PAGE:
WASHINGTON – June 19, 2012 – The Federal Housing Administration (FHA) told lenders on Friday that it would nix a rule that makes it more difficult for some borrowers to qualify for a mortgage.
FHA is trying to boost its reserves and lessen losses from mortgage defaults. As a result, it announced in March that it would limit loans to borrowers who had over $1,000 owed in a credit dispute. If a potential buyer had a $1,000-plus credit dispute on file, he or she had to either pay the debt or enter into a repayment agreement and make at least three months of on-time payments. The rule took effect April 1.
However, FHA backed off on the tight requirements shortly after the rule was implemented, adding a new caveat: Borrowers would be exempt from the new rule if their $1,000-plus credit amount is from a “life event” – a high medical bill, death, divorce or unemployment.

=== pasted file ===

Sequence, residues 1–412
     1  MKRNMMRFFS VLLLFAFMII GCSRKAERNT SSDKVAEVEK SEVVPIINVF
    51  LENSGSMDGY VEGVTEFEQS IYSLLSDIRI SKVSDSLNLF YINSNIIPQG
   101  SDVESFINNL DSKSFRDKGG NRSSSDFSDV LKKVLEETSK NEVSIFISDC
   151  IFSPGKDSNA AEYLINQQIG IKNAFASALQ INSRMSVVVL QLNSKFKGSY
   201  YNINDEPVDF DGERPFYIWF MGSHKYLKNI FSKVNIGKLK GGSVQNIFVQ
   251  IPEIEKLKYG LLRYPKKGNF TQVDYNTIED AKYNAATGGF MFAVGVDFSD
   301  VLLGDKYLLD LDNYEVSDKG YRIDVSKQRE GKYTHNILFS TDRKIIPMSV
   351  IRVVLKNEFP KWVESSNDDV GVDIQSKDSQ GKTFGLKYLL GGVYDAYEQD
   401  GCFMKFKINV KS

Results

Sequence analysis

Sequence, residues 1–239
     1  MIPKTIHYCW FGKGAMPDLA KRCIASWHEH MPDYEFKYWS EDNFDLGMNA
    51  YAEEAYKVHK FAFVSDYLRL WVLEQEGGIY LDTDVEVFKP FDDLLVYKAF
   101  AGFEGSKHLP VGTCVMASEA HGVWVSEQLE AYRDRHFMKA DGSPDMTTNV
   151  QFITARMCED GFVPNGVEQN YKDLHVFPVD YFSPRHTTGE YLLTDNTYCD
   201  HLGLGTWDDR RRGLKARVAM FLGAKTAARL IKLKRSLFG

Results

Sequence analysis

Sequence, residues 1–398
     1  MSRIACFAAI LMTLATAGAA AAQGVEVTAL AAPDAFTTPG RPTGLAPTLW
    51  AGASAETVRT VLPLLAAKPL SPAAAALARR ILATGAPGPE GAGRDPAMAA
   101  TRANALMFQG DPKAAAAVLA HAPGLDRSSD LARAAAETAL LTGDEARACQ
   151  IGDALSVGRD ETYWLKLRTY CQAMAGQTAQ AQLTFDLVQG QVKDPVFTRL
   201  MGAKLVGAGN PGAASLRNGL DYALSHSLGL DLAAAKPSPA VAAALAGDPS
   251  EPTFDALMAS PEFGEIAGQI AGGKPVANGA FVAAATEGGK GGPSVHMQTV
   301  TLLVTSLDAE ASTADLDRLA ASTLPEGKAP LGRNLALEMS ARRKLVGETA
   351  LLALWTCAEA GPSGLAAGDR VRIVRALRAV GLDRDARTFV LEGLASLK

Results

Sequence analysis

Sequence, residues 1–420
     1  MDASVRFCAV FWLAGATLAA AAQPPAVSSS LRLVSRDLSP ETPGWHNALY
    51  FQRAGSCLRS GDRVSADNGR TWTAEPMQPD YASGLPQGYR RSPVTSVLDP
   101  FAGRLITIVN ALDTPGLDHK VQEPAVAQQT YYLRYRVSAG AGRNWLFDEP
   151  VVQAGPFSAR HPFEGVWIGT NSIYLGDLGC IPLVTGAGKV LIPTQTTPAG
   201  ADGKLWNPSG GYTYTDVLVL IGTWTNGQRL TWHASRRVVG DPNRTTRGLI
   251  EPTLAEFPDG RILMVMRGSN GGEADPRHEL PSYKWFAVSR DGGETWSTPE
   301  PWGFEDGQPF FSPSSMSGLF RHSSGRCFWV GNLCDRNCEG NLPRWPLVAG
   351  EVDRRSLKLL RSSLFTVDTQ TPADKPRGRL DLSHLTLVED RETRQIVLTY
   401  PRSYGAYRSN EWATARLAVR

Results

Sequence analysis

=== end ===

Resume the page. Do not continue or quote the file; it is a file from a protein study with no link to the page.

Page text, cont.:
A few weeks later, FHA postponed the rule altogether in the face of industry criticism about the impact it would have on a still-fragile housing recovery. FHA said it would not be fully effective until July 1.
In a letter sent to lenders on Friday, FHA cancelled the rule altogether. FHA spokesperson Lemar Wooley says the agency is still accepting comments on the policy and expects to issue “new clearer language …very soon.”
“FHA killing off the rule is not a surprise when you take into account the resounding objection from the housing finance community, and their concern that this would overly constrain credit,” Edward Mills, senior vice president at FBR Capital Markets, told HousingWire.com. “This action shows how it can be incredibly difficult to make choices that move towards protecting the insurance fund over keeping mortgage credit available.”
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